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The Chorus asks the audience to use their imaginations.
In order to distract King Henry V from a bill that would take land and money away from the church, the Archbishop of Canterbury and the Bishop of Ely discuss a plan to support King Henry’s ambition to invade France.
Read a full Summary & Analysis of Act 1: Prologue & Scene 1.
When the French Dauphin laughs and mocks Henry’s claim to the French throne, Henry commits to invading France.
Read a full Summary & Analysis of Act 1: Scene 2.
The Chorus reveals a plot to kill King Henry.
Bardolph and Nym are about to duel each other over a woman when news arrives that their mutual friend Falstaff is dying. Nym and Pistol agree that Henry is to blame for Falstaff’s condition.
Henry uncovers three traitors among his men and has them executed.
Read a full Summary & Analysis of Act 2: Prologue & Scenes 1 & 2.
Falstaff’s friends gather to grieve his death before they have to fight in Henry’s army.
The King of France plots his defense against the English.
Read a full Summary & Analysis of Act 2: Scenes 3 & 4.
King Henry arrives in France.
In the midst of a siege, King Henry appears to rally his soldiers and delivers a powerful speech.
Nym, Bardolph, Pistol, and the Boy discuss King Henry's speech and disagree about whether they want to fight the French or go home to London. The Boy muses to himself that the others are criminals and cowards and that he needs to leave their company.
Read a full Summary & Analysis of Act 3: Prologue & Scenes 1 & 2.
Because the French city of Harfleur is unable to raise enough troops to mount a meaningful defense, Henry is able to convince the city to surrender without a battle.
The French Princess Catherine begins learning English with her maid.
The outraged French noblemen discuss why the English are conquering France so swiftly. King Charles calls on everyone to raise more troops in the hopes that they can overwhelm the English.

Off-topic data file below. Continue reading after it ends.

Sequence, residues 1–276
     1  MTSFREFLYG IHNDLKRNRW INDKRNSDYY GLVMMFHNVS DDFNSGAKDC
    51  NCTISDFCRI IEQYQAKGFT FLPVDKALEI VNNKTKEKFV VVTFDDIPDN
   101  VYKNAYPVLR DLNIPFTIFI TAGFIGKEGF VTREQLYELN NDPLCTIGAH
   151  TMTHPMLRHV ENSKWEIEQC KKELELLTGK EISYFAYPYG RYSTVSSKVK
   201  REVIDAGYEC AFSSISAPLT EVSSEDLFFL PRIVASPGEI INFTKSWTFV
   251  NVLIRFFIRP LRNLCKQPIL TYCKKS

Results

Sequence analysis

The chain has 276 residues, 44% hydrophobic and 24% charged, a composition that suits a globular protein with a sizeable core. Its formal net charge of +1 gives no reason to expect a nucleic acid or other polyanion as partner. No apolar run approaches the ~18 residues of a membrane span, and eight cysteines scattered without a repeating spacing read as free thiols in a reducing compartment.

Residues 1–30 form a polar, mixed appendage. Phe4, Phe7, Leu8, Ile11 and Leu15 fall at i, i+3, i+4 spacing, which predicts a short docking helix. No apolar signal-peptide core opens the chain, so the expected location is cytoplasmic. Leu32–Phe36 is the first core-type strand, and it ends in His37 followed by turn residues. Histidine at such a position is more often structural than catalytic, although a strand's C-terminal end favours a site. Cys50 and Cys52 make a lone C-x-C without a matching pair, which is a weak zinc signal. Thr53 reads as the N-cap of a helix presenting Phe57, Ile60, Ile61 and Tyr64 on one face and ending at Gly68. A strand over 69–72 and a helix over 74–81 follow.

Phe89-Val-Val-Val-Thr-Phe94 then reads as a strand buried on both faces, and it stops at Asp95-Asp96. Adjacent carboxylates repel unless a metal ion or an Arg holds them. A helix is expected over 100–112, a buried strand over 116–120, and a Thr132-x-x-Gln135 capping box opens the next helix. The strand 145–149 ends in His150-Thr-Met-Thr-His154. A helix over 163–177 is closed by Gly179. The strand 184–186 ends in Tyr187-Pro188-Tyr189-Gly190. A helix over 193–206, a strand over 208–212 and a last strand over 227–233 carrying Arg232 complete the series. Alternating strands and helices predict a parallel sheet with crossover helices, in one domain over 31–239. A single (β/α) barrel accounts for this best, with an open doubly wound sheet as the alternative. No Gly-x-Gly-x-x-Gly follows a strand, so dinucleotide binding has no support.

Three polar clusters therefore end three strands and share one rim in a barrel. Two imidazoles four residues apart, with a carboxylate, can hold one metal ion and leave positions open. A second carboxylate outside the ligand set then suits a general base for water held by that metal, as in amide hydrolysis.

Read a full Summary & Analysis of Act 3: Scenes 3–5.
Pistol pleads to Captain Fluellen for the life of Bardolph who has been caught looting, but Fluellen and King Henry agree that Bardolph must be put to death. Henry receives a threatening message from King Charles, but returns a calm reply.
The French are ready to fight.
Read a full Summary & Analysis of Act 3: Scenes 6 & 7.
The Chorus discusses the English camp.
King Henry disguises himself and spends the evening before the battle among his soldiers, questioning them about what they think regarding the king (himself) and the battle ahead.
In preparation for the battle, the French see the English army’s ragged appearance and small numbers, and look forward to an easy victory.
Read a full Summary & Analysis of Act 4: Prologue & Scenes 1 & 2.
Henry gives a rousing speech before the battle. The French offer a final opportunity for surrender, but Henry declines.
Pistol takes a French soldier prisoner, with the understanding that he will be paid well by the soldier’s family if he lets the soldier live. The Boy, who helped translate the negotiation, reveals that Nym has been executed for stealing.
The French troops struggle in battle.
Read a full Summary & Analysis of Act 4: Scenes 3–5.
Henry receives word that the Dukes of York and Suffolk have been killed. In a panicked moment when Henry thinks the French are rallying, he orders all the captured French soldiers to be executed.
French soldiers kill the boys who were tending the goods at the English camp. A messenger arrives for Henry telling him he has won and asking for permission for the French to collect their dead.
Henry plays a trick on a boastful soldier that he met the night before. Word arrives that the French lost many men in battle.
Read a full Summary & Analysis of Act 4: Scenes 6–8.
After celebrating in England, King Henry goes back to France to make peace.
Pistol reveals that his wife has died, and that Pistol no longer has a home. He decides to become a pimp and a thief back in England.
Henry wants to marry Princess Catherine. Treaties are made that will ensure that Henry and Catherine’s sons will be heirs to the French throne.
In a brief speech, the Chorus mentions the birth of Catherine and Henry’s son, King Henry VI of England, who went on to lose France and bring England into war.
Read a full Summary & Analysis of Act 5: Prologue; Scenes 1 & 2; & Epilogue.
Ace your assignments with our guide to Henry V!